Analytics and Forecast

Manir KHALIKOV
Economic Globalization as an Objective Process
116—124
 
This article presents economic globalization and its evidence. The author justifies objectivity of this phenomenon, also within historical context. He states, that theoretical apprehension of globalization processes started exactly with investigating globalization of economic sphere. The author points out to the demonstration of globalization in macro and microeconomic level.
Key words: economic globalization, the world system, informational and global economics, stimulation of the world trade, internationalization of manufacturing, global infra­structure.

Manir Khalikov,  Dr. Sci. (Soc. Sci.), Department of Economic Sociology and Marketing, Faculty of Sociology, Lomonosov Moscow State University (1, bld 33, Leninskie Gory, Moscow, 119991, Russian Federation).
 

Antitrust Policy

Round Table of the Journal “Economic Policy”
“The Consequences of Weak Competition: Quantitative Evaluation and Policy Implications”
125—145
 
The discussion on results of study by Russian Federationn Presidential Academy of National Economy devoted to consequences of weak competition is presented. There are issues of general approach, particularities and results of estimates in specific areas (gas, rail freight, house building, pharmaceuticals, import) under discussion. Authors of the report, representatives of editorial body of “Economic policy” journal and other experts had participated in discussion.
Key words: antitrust, competition, gas, rail freight, house building, pharmaceuticals, ­import.
 

Nobel Prize in Economics

Lloyd SHAPLEY, Martin SHUBIK
Pure Competition, Coalitional Power, and Fair Division
146—174
 
This paper is concerned with the conceptual foundations of the theory of economic ­competition, and with the effect thereon of a new solution concept borrowed from the mathematical theory of games. We consider three basic principles of distribution in an economic society-pure competition, coalitional power, and fair division and show how they lead to three different ideas of what might constitute the “solution” of a mathematical model of the marketplace. Two of these solutions, the competitive equilibrium and the core, have been found to be intimately related, despite sharp differences in heuristic interpretation. Our present purpose is to introduce to economic analysis the third of these solutions, the value of the game, and to compare and contrast it with the other two. Like the core, the value solution presupposes that the market is a collusive, multi-person game. The value solution, however, looks for a unique, equitable compromise among all opposing interests, whereas the core merely delimits a “no man’s land” between unyielding coalitions. The competitive equilibrium, for its part, recognizes no collusion at all. But when the number of traders is large, it can nevertheless be shown under rather general conditions that all three varieties of solution come into agreement, predicting the same outcome, but for ­different reasons.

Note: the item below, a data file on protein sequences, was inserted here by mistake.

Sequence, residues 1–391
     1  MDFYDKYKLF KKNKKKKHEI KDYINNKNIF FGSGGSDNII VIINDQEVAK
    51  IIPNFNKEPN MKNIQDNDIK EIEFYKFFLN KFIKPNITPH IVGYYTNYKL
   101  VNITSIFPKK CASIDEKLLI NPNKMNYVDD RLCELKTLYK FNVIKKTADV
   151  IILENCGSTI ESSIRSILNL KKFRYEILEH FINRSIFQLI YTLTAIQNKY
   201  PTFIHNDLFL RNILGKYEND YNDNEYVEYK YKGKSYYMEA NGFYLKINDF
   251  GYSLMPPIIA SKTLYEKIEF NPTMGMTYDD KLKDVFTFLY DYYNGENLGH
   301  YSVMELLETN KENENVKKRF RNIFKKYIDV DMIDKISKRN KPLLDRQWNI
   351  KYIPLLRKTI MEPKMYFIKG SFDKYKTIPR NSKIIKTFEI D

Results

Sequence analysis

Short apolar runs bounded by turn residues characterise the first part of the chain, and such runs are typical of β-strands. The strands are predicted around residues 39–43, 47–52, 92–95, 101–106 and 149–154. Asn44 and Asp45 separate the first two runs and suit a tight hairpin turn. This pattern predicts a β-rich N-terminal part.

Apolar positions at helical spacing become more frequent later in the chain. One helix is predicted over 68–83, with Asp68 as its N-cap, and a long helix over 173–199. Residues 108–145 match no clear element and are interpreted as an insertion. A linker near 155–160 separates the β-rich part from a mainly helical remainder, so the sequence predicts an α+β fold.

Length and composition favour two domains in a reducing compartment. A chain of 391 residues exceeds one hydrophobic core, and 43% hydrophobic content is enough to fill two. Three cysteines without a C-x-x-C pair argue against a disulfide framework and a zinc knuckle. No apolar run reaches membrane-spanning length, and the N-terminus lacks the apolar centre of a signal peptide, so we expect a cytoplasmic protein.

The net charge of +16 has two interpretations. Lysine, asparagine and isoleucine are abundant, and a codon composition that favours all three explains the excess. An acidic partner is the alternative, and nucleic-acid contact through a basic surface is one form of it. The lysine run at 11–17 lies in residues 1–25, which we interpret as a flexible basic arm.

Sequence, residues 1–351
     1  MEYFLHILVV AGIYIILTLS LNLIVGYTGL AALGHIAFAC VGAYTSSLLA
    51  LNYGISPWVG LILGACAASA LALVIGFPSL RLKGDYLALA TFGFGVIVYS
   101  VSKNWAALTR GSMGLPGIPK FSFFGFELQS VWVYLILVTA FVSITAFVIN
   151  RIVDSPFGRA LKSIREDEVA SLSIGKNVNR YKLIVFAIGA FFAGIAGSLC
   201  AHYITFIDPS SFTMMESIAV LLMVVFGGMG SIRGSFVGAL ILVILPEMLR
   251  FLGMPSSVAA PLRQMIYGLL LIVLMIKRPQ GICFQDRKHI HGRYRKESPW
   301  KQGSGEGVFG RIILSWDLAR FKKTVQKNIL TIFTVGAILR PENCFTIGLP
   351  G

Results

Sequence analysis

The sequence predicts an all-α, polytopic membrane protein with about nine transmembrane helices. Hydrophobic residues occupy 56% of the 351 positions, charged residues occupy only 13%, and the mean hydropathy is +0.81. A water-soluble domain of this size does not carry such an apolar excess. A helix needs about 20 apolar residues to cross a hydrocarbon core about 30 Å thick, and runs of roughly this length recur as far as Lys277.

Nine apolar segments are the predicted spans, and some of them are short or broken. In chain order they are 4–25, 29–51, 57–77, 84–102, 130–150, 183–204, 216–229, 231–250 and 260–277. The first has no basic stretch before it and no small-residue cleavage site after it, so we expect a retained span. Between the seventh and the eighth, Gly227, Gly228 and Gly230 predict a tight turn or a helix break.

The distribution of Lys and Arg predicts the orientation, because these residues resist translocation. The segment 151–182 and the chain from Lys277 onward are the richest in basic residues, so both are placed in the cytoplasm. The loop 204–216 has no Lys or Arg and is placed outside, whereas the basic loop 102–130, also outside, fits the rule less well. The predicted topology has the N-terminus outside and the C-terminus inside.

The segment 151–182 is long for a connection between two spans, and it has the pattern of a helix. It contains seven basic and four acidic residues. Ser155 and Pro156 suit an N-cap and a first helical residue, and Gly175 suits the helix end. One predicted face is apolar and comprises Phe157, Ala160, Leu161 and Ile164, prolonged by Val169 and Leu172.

Key words: competitive equilibrium, core, value of the game.

Lloyd Shapley, Rand Corporation
Martin Shubik, Yale University
 

Classics of Economics

John CAIRNES
Essays in Political Economy (Theoretical an Applied Aspects).
Chapter 1. Essays on the Gold Question
175—202
 
In submitting to the judgment of the public that portion of the present volume which relates to the economic aspects of the Gold Question we are desirous at the outset to guard ourselves against two possible misapprehensions. In the first place we desire it to be understood that the question discussed in the Essays on that subject is, not the gold discoveries and their consequences, but the much narrower one involved in the economic effects of the increased supplies of gold. The two problems, though to some extent mutually implicated, are substantially distinct. To the one belongs the impulse given to the movement of population, which has resulted in the rapid peopling and definitive settlement of districts that without this stimulus might long have continued the slow and chequered career which up to that time had characterized their march, together with all the social and political consequences which have flowed from that movement both in Europe and in the scenes of the discoveries; to the other, the effects resulting from the increased abundance of money on the industry and trade of nations and the fortunes of individuals: and it is to the ­solution of this latter problem alone that the Essays on the Gold Question are addressed.
Key words: Gold Question, economic effects of the increased supplies of gold, movement of population, effects resulting from the increased abundance of money on the industry and trade of nations.

John Cairnes (1823—1875), the British economist.